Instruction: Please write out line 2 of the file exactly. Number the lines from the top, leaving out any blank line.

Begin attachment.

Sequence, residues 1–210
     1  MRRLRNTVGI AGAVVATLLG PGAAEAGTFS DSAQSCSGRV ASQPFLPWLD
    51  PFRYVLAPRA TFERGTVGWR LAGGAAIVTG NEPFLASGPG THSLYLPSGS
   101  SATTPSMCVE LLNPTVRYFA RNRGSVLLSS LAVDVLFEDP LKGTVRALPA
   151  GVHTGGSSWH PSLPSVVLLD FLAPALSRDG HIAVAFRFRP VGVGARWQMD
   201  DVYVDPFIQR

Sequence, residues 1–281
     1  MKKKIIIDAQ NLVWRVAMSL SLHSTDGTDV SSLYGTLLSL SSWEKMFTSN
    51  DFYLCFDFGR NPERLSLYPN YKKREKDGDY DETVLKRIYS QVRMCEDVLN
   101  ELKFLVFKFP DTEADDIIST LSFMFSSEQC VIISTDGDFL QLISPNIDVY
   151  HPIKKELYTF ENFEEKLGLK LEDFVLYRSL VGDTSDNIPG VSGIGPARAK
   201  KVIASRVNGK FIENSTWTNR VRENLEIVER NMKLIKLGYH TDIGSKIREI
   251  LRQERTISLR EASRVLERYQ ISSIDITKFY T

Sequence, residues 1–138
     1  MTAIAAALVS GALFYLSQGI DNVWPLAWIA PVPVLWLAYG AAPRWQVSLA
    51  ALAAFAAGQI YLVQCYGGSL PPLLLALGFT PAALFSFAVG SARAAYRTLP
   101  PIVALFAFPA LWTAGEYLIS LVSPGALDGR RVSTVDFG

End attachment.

     1  MRRLRNTVGI AGAVVATLLG PGAAEAGTFS DSAQSCSGRV ASQPFLPWLD